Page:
Seafood and Japan
Japan’s emergence on the global economic scene in the 1970s as the international business destination du jour, coupled with a rejection of hearty, red-meat American fare in favor of healthy cuisine like rice, fish, and vegetables and the appeal of the high-concept aesthetics of Japanese design, all prepared the world for a sushi fad. And so, from what to earlier generations of Americans was an exotic, almost unpalatable ethnic specialty, then to haute cuisine of the most rarefied sort, sushi has become not just cool, but popular. The painted window of a Cambridge, Massachusetts, coffee shop advertises “espresso, cappuccino, carrot juice, lasagna, sushi.” Mashed potatoes with wasabi (horseradish), sushi-ginger relish, and seared sashimigrade tuna steaks show Japan’s growing cultural influence on upscale nouvelle cuisine throughout North America, Europe, and Latin America. Sushi has even become the stuff of fashion, from “sushi” lip gloss, colored the deep red of raw tuna, to “wasabi” nail polish, a soft avocado green.
Fresh seafood is one of the hallmarks of contemporary Japanese cuisine, and if one needs any proof of the abundance and variety of fish, shellfish, and other marine products in the daily diets of Japanese, one need only look through the stalls of the famous Tsukiji Market in central Tokyo, the world’s largest wholesale marketplace for fresh and frozen seafood.8
Tsukiji stands at the center of a technologically sophisticated, multibillion-dollar international fishing industry, and every day the market’s auctions match international supply with the traditional demands of Japanese cuisine, made ever more elaborate by Japan’s prosperity and the gentrification of culinary tastes.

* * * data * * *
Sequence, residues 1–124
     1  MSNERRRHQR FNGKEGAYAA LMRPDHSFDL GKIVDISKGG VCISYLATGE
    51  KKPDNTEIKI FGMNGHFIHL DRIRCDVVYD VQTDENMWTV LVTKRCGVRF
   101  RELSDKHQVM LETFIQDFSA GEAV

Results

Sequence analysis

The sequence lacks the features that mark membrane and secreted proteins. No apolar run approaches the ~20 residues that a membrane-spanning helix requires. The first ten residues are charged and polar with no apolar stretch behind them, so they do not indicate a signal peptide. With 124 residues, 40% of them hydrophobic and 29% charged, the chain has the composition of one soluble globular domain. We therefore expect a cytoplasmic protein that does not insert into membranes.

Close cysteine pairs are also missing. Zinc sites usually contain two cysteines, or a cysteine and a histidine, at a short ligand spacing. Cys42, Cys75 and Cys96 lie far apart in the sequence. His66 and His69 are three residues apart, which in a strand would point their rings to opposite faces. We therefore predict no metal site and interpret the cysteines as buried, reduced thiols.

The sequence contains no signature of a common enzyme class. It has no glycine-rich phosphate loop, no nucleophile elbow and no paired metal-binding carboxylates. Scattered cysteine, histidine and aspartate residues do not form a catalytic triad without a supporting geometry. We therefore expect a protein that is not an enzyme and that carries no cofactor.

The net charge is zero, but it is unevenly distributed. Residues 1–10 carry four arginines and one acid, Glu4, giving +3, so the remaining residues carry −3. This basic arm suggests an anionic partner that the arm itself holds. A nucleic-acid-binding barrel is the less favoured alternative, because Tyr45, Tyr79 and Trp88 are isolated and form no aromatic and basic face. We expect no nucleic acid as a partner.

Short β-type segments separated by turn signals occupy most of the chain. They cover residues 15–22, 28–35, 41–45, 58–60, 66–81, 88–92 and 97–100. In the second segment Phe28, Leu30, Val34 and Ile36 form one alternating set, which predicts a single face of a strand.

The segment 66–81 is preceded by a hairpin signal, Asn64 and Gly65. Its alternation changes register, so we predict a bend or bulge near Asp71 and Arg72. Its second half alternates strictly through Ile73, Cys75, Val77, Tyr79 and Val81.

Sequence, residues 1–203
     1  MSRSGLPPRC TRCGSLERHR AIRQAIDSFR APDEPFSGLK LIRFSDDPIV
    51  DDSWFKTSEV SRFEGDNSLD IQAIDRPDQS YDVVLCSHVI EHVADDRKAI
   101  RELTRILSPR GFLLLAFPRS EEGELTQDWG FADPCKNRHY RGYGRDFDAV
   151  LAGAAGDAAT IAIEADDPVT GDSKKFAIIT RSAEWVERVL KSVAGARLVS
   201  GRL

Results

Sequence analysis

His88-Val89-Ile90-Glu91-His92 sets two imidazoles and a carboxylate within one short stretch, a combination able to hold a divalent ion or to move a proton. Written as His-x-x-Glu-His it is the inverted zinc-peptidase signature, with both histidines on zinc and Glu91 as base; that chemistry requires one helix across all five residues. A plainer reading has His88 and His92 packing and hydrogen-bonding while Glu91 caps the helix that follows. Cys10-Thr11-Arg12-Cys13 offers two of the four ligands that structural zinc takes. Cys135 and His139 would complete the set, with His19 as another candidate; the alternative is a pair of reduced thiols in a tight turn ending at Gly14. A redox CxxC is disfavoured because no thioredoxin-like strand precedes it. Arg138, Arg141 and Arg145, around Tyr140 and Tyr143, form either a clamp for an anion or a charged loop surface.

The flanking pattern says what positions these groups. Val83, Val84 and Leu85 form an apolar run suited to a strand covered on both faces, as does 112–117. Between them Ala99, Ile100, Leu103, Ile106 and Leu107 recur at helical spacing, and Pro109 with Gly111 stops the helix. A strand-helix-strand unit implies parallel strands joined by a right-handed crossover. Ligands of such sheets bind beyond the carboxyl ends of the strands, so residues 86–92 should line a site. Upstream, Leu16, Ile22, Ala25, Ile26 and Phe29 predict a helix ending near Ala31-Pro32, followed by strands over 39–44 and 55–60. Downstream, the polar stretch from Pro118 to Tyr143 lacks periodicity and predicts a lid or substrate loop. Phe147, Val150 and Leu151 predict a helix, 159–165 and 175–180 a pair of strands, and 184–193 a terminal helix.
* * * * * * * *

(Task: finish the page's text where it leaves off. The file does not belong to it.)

Over the course of a year, merchants at Tsukiji sell perhaps 2,000 varieties of seafood, and in any given season, several hundred are available; each of the market’s roughly 1,000 stalls stocks its own specialized selection. One stall displays mountains of red and white boiled octopus; in the stall beyond that, trays of golden fried fish cakes; over there, squid still oozing black ink; across the way, fish pâté in neat pink and white blocks. Around the corner, an apprentice wields a meter-long knife to carve an enormous tuna carcass; in the next stall, a woman carefully arranges clams on dozens of trays; further down the aisle, an old man watchfully stands over open crates full of sawdust and wriggling shrimp. The stalls are awash with seafood of almost every conceivable species, shape, color, and size. Black tubs of unagi (live eels) stand by a cutting board in one stall; next door, crates of crabs packed in moist sawdust push out into the aisle. Colorful rows of hamadai (fresh snapper), perfectly matched in size, are set off by the blinding whiteness of a Styrofoam carton. Clams spread by the square meter across shallow tanks. Amorphous mounds of anko (grayish pink monkfish liver) spill over the edge of trays. The selection is global: slabs of Canadian and Chilean salmon; trays of Thai shrimp; Okhotsk crab; fresh bluefin tuna airfreighted from New York, Istanbul, Adelaide, and Madrid; eels from Hamamatsu; boiled West African octopi; Shikoku sea bream; glittering tubs of fish roe from British Columbia; live lobsters from Nova Scotia; snapper from China; and sea urchin roe from Maine, repackaged in Hokkaidō.